Saturday, March 04, 2006

Cultivating Depth: The Engines of Compassion

My new friend Ian at ImactED Nurse writes about depth and verticality in nursing. What does this mean, exactly? Ian explains it best:

"I think there are two aspects to Emergency Department work. The first is a horizontal one. It includes all the activities and interactions we perform on autopilot. The mundane day to day work that we skim along not really thinking about. It usually is rushed and stressed and shallow.

"The second aspect is a vertical one. It often opens up in those special moments when you have some deep interaction with a patient. Perhaps it is when you are ‘in the zone’ during an emergency. It is vivid and spacious and rewarding.

"However, the stress and high workload that now flavors a typical shift in the ED makes it difficult to slow down and to sink into any verticality. I usually begin each shift feeling fresh and relaxed… but somewhere around 14 seconds into a busy shift everything goes horizontal. I feel flummoxed, and my mind is speeding 3 tasks ahead of my hands.

"It is important that this vertical dimension should be recognized and cultivated, as it provides a nourishment, satisfaction and integrity in our work. "Integrity" comes from the Latin root, integer, meaning "entire or whole". This wholeness serves us not by changing the work itself but by changing the way we experience our work."

While I had never hit the nail on the head, so to speak, Ian has verbalized and concretized this notion of what makes our patient interactions more than just mechanical. What is it that takes a potentially mundane interaction and transforms it into a meeting of minds and hearts, where a depth of connection and intimacy is generated and felt by all participants? What engine of compassion springs into action and lifts the provider and patient into that sacred place?

Communicating in one's native tongue, there are subtleties of language and sentence structure which can elucidate one's conversational intention. When I feel that my Spanish-language skills are failing to communicate the depth of feeling and connection that I'm experiencing in the moment, I assume that the sincerity of my effort, the tone of my voice, my open body language and eye contact all contribute to the overall energy of the encounter and fill in the gaps where my words fall short. Explaining physiological processes and symptoms is one thing, but sharing emotional depth and insight commands far greater skill than my linguistic knowledge can often afford me. It is here that intention trumps skill.

Ian also acknowledges mindfulness as an intrinsic factor to cultivating the "vertical" asepct of nursing, moving beyond the mundane to an expansive sense of connection and meaning. Listening--real listening---can also move a clinical interaction into new realms of connection and acceptance of the Other as a divine sentient being. And isn't acceptance and connection what it's all about in the end, anyway?

Sadly, amidst the tumult and mind-numbing experience of nursing and medical school, little attention is paid to patient interaction and communication skills. Even less attention---if any---is afforded the subject of compassion as it relates to the nurse's approach to the patient and his or her problems. As a part-time nursing professor soon to abandon my brief teaching career due to over-work and significantly decreased leisure time, I can see that the horizontal aspect of nursing dominates nursing education, and the cultivation of verticality is left as a personal endeavor pursued by the relative few. In the tumult of profit-driven healthcare and minute measurements of "productivity", the thoughtfully deep interaction is neither honored nor quantifiable. It is a qualitative connection which, if utilized correctly, can tranform a therapeutic relationship into a symbiotic human bond which exponentially increases both satisfaction and positive outcome for all parties. Since these skills are not necessarily taught, it is a personal and singular decision when one chooses to cultivate, hone, and activate such depths of compassion and heart during patient encounters.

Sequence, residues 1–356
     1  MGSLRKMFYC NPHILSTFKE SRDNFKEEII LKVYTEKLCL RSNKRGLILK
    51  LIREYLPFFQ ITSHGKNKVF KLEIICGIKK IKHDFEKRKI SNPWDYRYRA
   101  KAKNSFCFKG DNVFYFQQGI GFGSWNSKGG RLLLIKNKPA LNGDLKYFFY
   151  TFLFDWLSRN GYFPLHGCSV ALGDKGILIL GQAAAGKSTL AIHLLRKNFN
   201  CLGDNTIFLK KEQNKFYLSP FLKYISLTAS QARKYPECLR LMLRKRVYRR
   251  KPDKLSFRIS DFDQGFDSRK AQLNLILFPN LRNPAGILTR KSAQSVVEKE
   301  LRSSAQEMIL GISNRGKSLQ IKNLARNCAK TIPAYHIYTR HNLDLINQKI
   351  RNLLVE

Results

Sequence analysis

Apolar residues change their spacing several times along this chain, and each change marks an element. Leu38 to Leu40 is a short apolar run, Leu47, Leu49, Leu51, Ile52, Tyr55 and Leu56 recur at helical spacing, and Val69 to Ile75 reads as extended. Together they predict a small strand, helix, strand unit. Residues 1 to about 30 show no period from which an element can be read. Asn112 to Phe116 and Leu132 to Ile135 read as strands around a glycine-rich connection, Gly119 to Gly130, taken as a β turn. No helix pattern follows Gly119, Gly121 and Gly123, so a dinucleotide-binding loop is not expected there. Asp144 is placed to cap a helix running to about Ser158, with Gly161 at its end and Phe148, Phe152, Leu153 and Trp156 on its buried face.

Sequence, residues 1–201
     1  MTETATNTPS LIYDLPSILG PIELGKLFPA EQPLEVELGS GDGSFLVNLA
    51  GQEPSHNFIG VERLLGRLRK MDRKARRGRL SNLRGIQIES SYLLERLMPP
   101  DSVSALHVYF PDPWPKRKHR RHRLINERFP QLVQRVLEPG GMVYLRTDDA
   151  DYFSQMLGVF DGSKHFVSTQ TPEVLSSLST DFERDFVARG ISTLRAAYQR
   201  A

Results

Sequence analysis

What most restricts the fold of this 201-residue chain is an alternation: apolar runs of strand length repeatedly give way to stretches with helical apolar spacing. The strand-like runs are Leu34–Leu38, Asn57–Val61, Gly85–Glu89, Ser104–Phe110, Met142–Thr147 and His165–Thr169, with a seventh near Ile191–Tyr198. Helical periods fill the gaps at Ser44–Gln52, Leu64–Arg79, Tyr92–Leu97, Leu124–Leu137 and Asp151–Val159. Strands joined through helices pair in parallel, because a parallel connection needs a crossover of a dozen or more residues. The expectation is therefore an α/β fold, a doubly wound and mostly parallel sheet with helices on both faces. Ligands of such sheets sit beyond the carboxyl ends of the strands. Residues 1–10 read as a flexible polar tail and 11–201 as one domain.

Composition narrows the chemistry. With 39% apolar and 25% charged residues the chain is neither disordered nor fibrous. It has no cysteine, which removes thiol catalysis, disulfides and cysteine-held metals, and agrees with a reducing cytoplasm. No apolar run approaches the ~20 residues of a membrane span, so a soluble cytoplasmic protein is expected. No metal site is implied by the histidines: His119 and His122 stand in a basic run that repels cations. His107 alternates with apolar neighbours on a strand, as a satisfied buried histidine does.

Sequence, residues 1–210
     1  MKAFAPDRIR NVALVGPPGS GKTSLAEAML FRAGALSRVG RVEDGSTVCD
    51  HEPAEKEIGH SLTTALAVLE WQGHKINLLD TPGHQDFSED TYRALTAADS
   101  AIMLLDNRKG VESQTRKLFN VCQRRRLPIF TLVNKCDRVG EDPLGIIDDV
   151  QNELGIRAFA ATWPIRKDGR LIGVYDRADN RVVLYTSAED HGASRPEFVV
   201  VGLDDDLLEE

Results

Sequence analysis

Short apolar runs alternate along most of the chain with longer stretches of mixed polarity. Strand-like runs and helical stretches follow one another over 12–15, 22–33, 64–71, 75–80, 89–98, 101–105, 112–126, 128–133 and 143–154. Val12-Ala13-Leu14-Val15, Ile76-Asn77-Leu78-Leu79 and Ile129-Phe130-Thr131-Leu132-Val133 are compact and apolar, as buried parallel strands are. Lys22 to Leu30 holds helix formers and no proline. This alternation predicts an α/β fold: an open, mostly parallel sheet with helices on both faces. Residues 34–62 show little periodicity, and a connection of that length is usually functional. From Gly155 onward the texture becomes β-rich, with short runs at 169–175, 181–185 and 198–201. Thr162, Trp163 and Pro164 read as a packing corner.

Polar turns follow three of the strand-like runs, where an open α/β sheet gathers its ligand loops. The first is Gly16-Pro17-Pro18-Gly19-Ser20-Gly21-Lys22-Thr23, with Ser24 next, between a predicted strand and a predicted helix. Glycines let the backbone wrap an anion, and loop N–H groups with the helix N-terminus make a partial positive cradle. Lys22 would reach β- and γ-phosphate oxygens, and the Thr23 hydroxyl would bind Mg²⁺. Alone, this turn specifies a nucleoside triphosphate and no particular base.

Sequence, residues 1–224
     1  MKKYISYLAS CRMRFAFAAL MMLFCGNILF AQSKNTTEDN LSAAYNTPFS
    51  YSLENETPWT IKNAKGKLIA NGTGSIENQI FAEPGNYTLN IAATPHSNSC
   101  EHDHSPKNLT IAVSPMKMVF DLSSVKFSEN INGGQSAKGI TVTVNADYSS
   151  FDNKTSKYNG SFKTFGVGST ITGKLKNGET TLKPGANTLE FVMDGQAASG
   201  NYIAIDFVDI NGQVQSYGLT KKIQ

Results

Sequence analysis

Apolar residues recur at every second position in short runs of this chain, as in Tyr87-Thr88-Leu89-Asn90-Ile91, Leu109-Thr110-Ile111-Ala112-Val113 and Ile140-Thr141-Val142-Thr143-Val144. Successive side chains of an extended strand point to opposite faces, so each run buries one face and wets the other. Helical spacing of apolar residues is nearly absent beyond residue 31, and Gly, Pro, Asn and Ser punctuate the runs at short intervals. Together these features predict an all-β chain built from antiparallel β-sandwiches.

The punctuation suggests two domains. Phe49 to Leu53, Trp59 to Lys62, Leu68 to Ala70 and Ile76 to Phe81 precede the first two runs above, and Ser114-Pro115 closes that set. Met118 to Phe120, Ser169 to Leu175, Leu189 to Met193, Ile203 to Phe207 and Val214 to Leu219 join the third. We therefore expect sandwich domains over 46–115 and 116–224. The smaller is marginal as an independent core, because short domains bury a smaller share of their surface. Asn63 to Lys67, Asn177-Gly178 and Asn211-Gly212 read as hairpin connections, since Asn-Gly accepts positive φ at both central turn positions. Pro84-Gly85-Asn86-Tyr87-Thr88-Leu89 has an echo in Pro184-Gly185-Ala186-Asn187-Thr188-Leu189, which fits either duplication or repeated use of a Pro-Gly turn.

As for the Engines of Compassion, I believe these are latent engines which exist within each of us, intrinsic aspects of human consciousness available to all who care to listen. It is when we choose to develop these muscles of compassion--for it is through repeated use that we strengthen such organs---that the real work of being human begins and our ability to deeply effect others is at its most profound.


Kim said...

I wonder if verticality is something that comes along with experience.

The novice nurse is really self-focused; doing for the patient, but also focused on "self" - not making a mistake, learning the environment.

As we gain competence, we are able to empathize and gain the ability to experience verticality.

Is it really something that can be taught?

Keith "Nurse Keith" Carlson, RN, BSN, NC-BC said...

Yes, I believe that verticality can be taught through example, and by infusing one's interactions with novice nurses with nuggets of wisdom and compassion. As a part-time professor, I also see that compassion can be subtly woven into the classroom, often through story-telling.